DIDI & UBER CEOS TO JOIN EACH OTHER’S BOARDS

Didi Chuxing, the dominant ride-hailing service in China, said it will acquire Uber Technologies operations in the country, ending a battle that cost the two companies billions as they competed for customers and drivers.

Didi will buy Uber’s brand, business and data in the country, the Chinese company said in a statement. Uber Technologies and Uber China’s other shareholders, including search giant Baidu, will receive a 20% Economic stake in the combined company. Didi founder Cheng Wei and Uber CEO Travis Kalanick will join each other’s boards.

The truce brings to an end a bruising battle between the two companies for leadership in China’s fast-growing ride hailing market. Uber has been spending at least $1 billion a year to gain ground in China, while Didi offered its own subsidies to drivers and riders to build its business.

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“Didi Chuxing and Uber have learned a great deal from each other over the past two years,” said Cheng, who is also CEO, in the statement. “This agreement with Uber will set the mobile transportation industry on a healthier, more sustainable path of growth at a higher level.”

Didi’s valuation after the deal will be $35 billion, said people familiar with the matter, asking not to be named because the details aren’t public.

Last year, China’s ride-hailing leaders Didi and Kuaidi joined forces, creating a home grown juggernaut to fight off Uber. The merged company Didi Chuxing brought together backers Alibaba Group Holding and Tencent Holdings, the country’s most valuable internet businesses. Apple joined in this year with a $1- billion investment in Didi, in a round that valued the company at about $28 billion. The Chinese government passed a new rule last week that legalized ride-hailing services, paving the way for further expansion of these businesses.
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Uber’s investors had been clamoring for the company to sell off its China assets and focus on more promising opportunities. Uber has lost more than $2 billion in the country, people familiar with the matter said. Meanwhile, Uber was profitable in developed markets in the first half of 2015, the people said.

“As an entrepreneur, I’ve learned that being successful is about listening to your head as well as following your heart,” Kalanick wrote in a blog post obtained by Bloomberg before publication. “I have no doubt that Uber China and Didi Chuxing will be stronger together.”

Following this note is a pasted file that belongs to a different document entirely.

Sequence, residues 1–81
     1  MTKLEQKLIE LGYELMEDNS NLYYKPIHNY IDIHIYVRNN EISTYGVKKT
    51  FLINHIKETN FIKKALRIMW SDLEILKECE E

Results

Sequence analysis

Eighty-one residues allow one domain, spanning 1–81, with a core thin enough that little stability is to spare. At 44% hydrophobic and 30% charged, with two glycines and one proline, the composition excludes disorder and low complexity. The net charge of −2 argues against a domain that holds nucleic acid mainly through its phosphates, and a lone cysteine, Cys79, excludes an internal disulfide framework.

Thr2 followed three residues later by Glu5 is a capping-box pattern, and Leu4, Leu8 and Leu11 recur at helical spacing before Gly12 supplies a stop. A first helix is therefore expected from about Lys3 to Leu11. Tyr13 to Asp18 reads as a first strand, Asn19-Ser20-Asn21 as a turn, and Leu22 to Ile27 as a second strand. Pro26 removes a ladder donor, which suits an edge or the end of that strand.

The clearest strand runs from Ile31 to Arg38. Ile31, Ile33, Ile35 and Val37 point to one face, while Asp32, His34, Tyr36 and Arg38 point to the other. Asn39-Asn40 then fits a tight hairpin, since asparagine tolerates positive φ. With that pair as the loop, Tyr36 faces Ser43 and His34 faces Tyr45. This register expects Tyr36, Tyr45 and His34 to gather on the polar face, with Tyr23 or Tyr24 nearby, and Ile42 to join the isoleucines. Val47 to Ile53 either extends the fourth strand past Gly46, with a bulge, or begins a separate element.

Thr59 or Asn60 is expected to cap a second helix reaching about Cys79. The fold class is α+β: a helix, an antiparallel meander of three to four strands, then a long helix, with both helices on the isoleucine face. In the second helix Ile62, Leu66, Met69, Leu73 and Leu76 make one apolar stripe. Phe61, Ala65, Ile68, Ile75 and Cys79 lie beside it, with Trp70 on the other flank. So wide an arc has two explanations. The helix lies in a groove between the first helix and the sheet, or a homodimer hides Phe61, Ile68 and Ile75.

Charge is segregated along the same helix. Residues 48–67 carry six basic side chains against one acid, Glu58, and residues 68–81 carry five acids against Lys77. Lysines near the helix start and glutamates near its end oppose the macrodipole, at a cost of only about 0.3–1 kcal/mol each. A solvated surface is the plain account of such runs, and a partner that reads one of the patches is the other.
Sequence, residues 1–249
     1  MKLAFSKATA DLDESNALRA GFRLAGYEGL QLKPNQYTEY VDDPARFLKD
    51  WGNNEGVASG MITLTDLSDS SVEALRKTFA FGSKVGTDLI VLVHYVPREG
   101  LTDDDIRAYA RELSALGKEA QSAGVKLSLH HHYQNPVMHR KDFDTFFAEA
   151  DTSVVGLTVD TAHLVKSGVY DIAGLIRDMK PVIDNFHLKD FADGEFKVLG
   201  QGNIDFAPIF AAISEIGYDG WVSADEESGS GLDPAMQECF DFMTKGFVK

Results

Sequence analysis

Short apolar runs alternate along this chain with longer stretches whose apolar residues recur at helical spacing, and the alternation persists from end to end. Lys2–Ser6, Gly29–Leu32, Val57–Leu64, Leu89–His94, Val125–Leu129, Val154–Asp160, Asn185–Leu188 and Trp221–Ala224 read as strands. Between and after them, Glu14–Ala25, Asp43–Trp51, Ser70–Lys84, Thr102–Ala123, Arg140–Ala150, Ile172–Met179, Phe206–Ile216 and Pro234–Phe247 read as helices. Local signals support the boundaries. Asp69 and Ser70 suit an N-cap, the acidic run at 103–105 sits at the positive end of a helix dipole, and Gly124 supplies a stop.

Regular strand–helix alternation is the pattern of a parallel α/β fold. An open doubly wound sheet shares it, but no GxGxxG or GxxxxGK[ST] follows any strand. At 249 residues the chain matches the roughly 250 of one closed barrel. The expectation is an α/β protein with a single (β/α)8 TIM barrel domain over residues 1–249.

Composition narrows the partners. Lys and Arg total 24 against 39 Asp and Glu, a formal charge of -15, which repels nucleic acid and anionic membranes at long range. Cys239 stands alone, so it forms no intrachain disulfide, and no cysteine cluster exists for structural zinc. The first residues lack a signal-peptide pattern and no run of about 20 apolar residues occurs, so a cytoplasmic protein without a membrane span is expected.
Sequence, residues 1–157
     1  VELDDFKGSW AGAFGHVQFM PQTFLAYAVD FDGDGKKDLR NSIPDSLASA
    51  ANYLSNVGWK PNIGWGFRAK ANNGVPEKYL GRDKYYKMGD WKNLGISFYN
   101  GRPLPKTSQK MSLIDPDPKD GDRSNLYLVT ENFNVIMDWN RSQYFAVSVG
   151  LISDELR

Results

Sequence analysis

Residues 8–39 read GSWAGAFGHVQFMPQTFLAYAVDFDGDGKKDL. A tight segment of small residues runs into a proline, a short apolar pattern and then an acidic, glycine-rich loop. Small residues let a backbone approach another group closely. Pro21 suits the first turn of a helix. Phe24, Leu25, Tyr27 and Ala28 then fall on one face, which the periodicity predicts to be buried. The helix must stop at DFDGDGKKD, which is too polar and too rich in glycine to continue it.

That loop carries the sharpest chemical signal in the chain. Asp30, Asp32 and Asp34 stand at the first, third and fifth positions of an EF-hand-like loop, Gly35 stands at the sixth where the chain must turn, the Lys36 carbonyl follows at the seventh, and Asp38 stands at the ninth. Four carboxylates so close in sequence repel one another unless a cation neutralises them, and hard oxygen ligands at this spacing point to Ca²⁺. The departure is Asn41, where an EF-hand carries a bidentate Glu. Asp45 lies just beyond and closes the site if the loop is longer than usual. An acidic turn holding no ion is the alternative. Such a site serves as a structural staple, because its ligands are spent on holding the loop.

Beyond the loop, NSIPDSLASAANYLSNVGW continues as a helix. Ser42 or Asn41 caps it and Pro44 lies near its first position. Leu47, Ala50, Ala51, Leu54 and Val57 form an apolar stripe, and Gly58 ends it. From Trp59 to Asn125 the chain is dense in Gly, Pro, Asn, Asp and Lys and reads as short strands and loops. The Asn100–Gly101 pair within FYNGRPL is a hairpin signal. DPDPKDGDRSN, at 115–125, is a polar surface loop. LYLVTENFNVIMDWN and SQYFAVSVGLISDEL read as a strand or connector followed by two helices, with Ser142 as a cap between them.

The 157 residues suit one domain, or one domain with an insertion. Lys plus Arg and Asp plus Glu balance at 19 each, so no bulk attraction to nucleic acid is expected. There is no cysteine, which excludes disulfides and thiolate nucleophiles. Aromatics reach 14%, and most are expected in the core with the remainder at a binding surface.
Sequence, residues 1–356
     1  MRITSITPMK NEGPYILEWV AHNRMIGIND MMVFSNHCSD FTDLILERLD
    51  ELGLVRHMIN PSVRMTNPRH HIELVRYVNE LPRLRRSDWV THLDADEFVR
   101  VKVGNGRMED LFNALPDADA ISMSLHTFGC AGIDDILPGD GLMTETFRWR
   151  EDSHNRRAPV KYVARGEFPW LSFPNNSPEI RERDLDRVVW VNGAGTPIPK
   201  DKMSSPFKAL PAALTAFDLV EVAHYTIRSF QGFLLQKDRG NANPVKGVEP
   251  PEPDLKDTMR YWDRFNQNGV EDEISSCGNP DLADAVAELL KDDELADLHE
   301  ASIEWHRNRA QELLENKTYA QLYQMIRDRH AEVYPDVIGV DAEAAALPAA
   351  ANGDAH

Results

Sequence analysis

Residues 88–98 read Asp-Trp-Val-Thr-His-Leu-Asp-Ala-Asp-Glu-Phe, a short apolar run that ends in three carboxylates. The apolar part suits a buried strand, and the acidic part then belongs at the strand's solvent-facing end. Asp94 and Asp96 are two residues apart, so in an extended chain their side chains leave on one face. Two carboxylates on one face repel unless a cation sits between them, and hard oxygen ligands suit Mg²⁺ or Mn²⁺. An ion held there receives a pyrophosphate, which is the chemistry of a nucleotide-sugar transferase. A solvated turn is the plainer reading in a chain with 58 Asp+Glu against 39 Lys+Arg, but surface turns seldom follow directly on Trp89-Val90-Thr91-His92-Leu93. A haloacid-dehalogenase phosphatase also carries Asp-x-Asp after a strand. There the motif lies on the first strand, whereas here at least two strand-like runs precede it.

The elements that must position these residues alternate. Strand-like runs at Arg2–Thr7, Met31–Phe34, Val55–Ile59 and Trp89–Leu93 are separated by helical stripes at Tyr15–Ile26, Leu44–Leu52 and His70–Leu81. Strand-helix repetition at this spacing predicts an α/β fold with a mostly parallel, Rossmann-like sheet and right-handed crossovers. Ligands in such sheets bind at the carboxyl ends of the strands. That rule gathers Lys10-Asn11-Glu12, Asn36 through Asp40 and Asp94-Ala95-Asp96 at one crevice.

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As an entrepreneur, I’ve learned that being successful is about listening to your head as well as following your heart. Uber and Didi Chuxing are investing billions of dollars in China and both companies have yet to turn a profit there

TRAVIS KALANICK

Co-Founder & CEO, UBER

The deal is subject to government approval. While the combination of the top two players in a market would often raise regulatory scrutiny, officials will have to determine the range of competition. “The ministry of commerce has to define the size of the market and see if the car-hailing business Didi and Uber are offering can be replaced by similar services,” said Deng Zhisong, senior partner at Beijing-based law firm Dentons. “If you count taxi services and public transportation, the car-hailing sector will not have a market share that significant.”

Didi Chuxing and the China unit of US rival Uber could face its first hiccup after China’s commerce ministry (Mofcom) said on 2 August it had not received a necessary application to allow the deal to go ahead.

However, Didi said there was no need to seek regulatory approval, as the two ride-hailing companies lack profits, which meant they weren’t required to file with the ministry.

Didi’s acquisition of Uber’s China operations, announced on 1 August, will create a roughly $35 billion ride-hailing giant and could raise monopoly concerns as Didi claims an 87% market share in China. Uber China is the second largest player.
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Mofcom, one of China’s antitrust regulators, said at a news briefing that the two firms need to seek approval for the deal to go ahead. It had been unclear previously whether such a filing would be required as both firms are loss-making in China.

“Mofcom has not currently received a merger filing related to the deal between Didi and Uber,” ministry spokesman Shen Danyang said. “All transactors must apply to the ministry in advance. Those that haven’t applied won’t be able to carry out a merger” if they fall under applicable antitrust and merger rules, he said.

In an emailed statement to Reuters on Tuesday, Didi contested Shen’s assertion that the firm is required to apply for approval. “We are in close communication with authorities,” said Didi.

The purchase of Uber’s China business may complicate Didi’s alliance with other ride-hailing startups around the world. Didi had agreed to work with the US’ Lyft, India’s Ola and Southeast Asia’s Grab to create a global force to take on Uber.

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